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Senators Coons, Whitehouse, McCain, Graham Introduce Bipartisan Legislation to Crack Down on Counterfeit Products sold to the Military

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Location: Washington DC

Counterfeit products threaten troops and impair military readiness

In response to increasing numbers of counterfeit products in the military supply chain, U.S. Senators Sheldon Whitehouse (D-RI), John McCain (R-AZ), Lindsey Graham (R-SC), and Chris Coons (D-DE) have introduced bipartisan legislation to crack down on criminals who traffic in these dangerous goods. The Combating Military Counterfeits Act of 2011 would increase penalties and create a heightened criminal offense for trafficking in counterfeit military products.

"Our troops serving overseas have enough things to worry about each day -- faulty equipment distributed by unscrupulous criminals should not be one of them," said Senator Whitehouse. "Our men and women in uniform deserve the best, and this legislation will help, with harsher penalties for those who would send them into the field with shoddy or phony equipment."

"Especially at a time when so many of our troops are deployed, it is disturbing to think that inferior, counterfeit goods are making it into the hands of our men and women in uniform," Senator Coons said. "It is a dangerous, flagrant practice and it needs to be stopped. This bill would increase the punishment for those who sell our military counterfeit goods that could cause injury, compromise combat operations, or disclose classified information. I am proud to join my colleagues in introducing this bill and look forward to working for its passage."

A January 2010 study by the Commerce Department quoted a Defense Department official estimating that counterfeit aircraft parts were "leading to a 5 to 15 percent annual decrease in weapons systems reliability." Similarly, the Government Accountability Office has reported that the Defense Department discovered in testing that it had procured body armor that was misrepresented as being "Kevlar," and that a supplier sold the Defense Department a personal computer circuit that it falsely claimed was a $7,000 circuit that met the specifications of a missile guidance system.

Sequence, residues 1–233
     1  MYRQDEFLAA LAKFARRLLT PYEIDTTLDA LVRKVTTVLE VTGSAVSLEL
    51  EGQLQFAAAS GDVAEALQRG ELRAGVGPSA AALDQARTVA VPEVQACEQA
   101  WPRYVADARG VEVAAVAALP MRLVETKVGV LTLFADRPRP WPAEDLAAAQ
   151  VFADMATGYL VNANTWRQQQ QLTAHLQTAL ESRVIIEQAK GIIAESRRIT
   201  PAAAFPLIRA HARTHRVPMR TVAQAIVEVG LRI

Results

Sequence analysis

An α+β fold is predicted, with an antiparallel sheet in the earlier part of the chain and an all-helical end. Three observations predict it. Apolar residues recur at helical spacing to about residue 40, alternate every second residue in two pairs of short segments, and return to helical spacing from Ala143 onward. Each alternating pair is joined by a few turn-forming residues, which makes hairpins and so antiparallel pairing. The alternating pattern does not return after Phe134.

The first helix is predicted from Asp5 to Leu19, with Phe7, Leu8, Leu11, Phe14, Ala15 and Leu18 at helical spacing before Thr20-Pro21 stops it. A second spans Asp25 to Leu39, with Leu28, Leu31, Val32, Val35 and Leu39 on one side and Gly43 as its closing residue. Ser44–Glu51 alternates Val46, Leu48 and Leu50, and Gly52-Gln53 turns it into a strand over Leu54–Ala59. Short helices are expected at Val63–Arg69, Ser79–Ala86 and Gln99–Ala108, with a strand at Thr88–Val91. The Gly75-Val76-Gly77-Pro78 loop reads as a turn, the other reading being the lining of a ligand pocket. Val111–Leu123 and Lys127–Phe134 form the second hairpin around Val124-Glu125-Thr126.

The Combating Military Counterfeits Act of 2011 complements other government efforts to protect the United State military supply chain. The Senate Armed Services Committee has opened an important investigation into counterfeit electronic parts in the military supply chain. The Administration is working across agencies to protect the military supply chain from counterfeits, including through the recently commenced "Operation Chain Reaction" which targets counterfeit military products.

Under the current counterfeit trafficking statute, sentences imposed on traffickers in military counterfeits do not reflect the serious dangers that these products pose to our troops. The Combating Military Counterfeits Act would address this deficiency by creating a new criminal provision that specifically targets trafficking in military counterfeits and increasing penalties for criminals who know that the counterfeit product they sell is intended for use by the military or is identified as meeting military standards.


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